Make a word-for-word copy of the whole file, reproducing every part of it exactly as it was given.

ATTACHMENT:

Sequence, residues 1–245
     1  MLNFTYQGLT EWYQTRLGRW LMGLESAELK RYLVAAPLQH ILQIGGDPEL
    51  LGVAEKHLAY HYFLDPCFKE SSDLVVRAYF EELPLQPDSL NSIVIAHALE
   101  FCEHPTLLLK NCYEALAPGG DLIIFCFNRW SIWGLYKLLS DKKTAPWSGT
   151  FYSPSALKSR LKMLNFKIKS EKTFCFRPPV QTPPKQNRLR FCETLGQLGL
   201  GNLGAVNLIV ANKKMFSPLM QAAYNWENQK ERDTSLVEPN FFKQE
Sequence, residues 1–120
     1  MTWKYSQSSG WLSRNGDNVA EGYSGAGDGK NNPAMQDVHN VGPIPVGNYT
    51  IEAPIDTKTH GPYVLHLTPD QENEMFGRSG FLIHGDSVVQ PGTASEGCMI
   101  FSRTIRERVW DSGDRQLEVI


Sequence, residues 1–245
     1  MLNFTYQGLT EWYQTRLGRW LMGLESAELK RYLVAAPLQH ILQIGGDPEL
    51  LGVAEKHLAY HYFLDPCFKE SSDLVVRAYF EELPLQPDSL NSIVIAHALE
   101  FCEHPTLLLK NCYEALAPGG DLIIFCFNRW SIWGLYKLLS DKKTAPWSGT
   151  FYSPSALKSR LKMLNFKIKS EKTFCFRPPV QTPPKQNRLR FCETLGQLGL
   201  GNLGAVNLIV ANKKMFSPLM QAAYNWENQK ERDTSLVEPN FFKQE
Sequence, residues 1–120
     1  MTWKYSQSSG WLSRNGDNVA EGYSGAGDGK NNPAMQDVHN VGPIPVGNYT
    51  IEAPIDTKTH GPYVLHLTPD QENEMFGRSG FLIHGDSVVQ PGTASEGCMI
   101  FSRTIRERVW DSGDRQLEVI